A fractionation method to identify qauntitative changes in protein expression mediated by IGF-1 on the proteome of murine C2C12 myoblasts
© King et al; licensee BioMed Central Ltd. 2009
Received: 30 January 2009
Accepted: 11 August 2009
Published: 11 August 2009
Although much is known about signal transduction downstream of insulin-like growth factor-1 (IGF-1), relatively little is known about the global changes in protein expression induced by this hormone. In this study, the acute effects of IGF-1 on the proteome of murine C2C12 cells were examined. Cells were treated with IGF-1 for up to 24 hours, lysed, and fractionated into cytosolic, nuclear, and insoluble portions. Proteins from the cytosolic fraction were further separated using a new batch ion-exchange chromatography method to reduce sample complexity, followed by two-dimensional (2D) electrophoresis, and identification of selected proteins by mass spectrometry. PDQuest software was utilized to identify and catalogue temporal changes in protein expression during IGF-1 stimulation. In response to IGF-1 stimulation, expression of 23 proteins increased at least three-fold and expression of 17 proteins decreased at least three-fold compared with control un-stimulated C2C12 cells. Changes in expression of selected proteins from each group, including Rho-GDI, cofillin, RAD50, enolase, IκB kinase b (IκBKb) and Hsp70 were confirmed by Western blotting. Additionally, the position of 136 'landmark' proteins whose expression levels and physicochemical properties did not change appreciably or consistently during IGF-1 treatment were mapped and identified. This characterization of large-scale changes in protein expression in response to growth factor stimulation of C2C12 cells will further help to establish a comprehensive understanding of the networks and pathways involved in the action of IGF-1.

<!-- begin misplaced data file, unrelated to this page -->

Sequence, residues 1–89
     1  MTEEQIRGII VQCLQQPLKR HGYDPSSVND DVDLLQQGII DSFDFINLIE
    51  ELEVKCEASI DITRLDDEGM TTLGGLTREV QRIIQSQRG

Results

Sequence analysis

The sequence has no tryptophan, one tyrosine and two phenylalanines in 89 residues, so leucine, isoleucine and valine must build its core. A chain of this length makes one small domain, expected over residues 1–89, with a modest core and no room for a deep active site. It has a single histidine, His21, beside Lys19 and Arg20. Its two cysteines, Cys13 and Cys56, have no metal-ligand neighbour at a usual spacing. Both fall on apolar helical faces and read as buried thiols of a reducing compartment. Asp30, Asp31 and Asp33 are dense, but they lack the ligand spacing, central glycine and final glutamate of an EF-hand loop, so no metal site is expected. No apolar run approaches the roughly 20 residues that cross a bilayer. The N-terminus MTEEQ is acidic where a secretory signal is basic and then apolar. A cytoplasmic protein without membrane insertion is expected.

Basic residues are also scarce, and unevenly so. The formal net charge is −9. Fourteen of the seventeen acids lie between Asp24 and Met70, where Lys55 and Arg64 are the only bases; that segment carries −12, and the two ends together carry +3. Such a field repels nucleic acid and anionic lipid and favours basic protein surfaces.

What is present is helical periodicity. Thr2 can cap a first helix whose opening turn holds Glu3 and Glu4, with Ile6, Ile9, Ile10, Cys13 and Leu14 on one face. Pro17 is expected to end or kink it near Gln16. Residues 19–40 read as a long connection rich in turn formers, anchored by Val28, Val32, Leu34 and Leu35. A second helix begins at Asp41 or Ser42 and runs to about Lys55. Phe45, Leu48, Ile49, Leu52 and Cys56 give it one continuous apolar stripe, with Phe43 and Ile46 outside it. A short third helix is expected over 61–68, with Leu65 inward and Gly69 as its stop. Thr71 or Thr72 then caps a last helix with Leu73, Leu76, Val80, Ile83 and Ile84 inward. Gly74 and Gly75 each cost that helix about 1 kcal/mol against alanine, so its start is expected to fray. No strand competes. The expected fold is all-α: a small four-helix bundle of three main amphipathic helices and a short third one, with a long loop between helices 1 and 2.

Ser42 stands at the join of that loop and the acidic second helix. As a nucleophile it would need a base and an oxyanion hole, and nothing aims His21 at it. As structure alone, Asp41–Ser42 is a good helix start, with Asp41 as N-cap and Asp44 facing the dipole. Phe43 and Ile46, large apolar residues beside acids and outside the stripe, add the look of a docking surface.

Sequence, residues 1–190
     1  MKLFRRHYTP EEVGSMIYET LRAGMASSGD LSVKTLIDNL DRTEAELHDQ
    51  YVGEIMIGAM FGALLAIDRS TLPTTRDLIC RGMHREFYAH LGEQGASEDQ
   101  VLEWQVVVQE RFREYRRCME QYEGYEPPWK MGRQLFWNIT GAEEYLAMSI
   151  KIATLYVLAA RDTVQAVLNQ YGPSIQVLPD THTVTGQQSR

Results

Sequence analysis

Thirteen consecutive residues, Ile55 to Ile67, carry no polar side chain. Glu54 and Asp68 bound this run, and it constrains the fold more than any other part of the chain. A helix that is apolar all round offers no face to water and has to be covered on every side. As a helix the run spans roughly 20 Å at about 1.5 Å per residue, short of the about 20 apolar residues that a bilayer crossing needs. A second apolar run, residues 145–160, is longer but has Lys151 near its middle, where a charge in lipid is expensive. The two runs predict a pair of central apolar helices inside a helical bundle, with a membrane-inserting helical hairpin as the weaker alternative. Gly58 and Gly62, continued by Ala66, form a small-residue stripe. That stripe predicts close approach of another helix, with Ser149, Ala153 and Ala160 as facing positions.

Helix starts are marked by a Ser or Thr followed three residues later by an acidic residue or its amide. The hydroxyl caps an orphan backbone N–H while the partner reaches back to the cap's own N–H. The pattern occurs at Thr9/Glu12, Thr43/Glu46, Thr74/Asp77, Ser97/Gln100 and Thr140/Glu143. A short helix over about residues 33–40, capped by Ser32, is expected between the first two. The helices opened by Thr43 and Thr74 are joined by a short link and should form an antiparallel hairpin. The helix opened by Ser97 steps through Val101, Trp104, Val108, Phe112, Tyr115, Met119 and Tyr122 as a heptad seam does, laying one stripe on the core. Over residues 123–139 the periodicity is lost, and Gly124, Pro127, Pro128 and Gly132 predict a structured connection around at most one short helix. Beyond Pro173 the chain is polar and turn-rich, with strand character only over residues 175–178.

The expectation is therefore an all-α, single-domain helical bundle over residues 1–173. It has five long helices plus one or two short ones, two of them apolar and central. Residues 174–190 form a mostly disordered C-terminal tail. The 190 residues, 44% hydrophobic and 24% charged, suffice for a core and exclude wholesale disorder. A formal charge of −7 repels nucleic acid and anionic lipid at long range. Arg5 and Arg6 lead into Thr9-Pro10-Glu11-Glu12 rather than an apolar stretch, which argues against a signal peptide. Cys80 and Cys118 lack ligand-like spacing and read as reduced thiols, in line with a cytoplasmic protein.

The growth factor IGF-1 is one of the major components of the mammalian hypothalamic-pituitary growth axis. Isomers of IGF constitute the principal effector molecules that regulate the body-wide action of growth hormone by inducing the proliferation, growth, cell turnover and function of many tissues, including skeletal muscle . IGF-1 represents one of several alternatively spliced products of the igf-1 gene and plays important roles in numerous aspects of the proliferation and growth of many tissues [2–4]. The hypertrophic effects of IGF-1 in murine skeletal muscle result from increased protein synthesis in existing myofibers combined with an activation of growth and differentiation of muscle satellite cells. These findings have led to studies examining the molecular effects of IGF-1 treatment, including potential protective and regenerative effects of exogenous IGF-1 in a variety of animal models of degenerative musculoskeletal diseases and defects, including Duchenne's muscular dystrophy and age-related muscle degeneration, cancer models, and lymphocyte activation [5–8]. These studies have demonstrated that treatment of cells with functional IGF-1 protein or transduction of mouse or rat skeletal muscle cells with vectors encoding IGF-1 induces pleiotrophic effects in many cellular pathways that result in muscle hypertrophy, enhanced muscle contractility and protection from age-related muscle wasting.
Global gene expression studies in a variety of target tissues have identified a number of genes that are either up- or down-regulated by IGF-1 [9–13]. Particularly in the case of IGF-1-induced up-regulation, genes identified include those with mitogenic and differentiation functions, such as mitogen-actvated protein kinase (MAPK) and phosphatidylinositol 3-OH kinase (PI3K) signaling pathways , a variety of muscle functions, intracellular signaling, cell cycle, transcriptional and translational functions, cellular respiration, and mitochondrial functions . We have recently examined the effects of IGF-1 on global gene expression in cultured murine C2C12 myoblasts and have identified families of genes whose expression is up- or down-regulated by exposure to IGF-1 for up to 4 hours . These aberrantly-expressed genes fall into a variety of functional families, with the most impressive changes occurring in genes related to steroid biogenesis and fatty acid metabolism.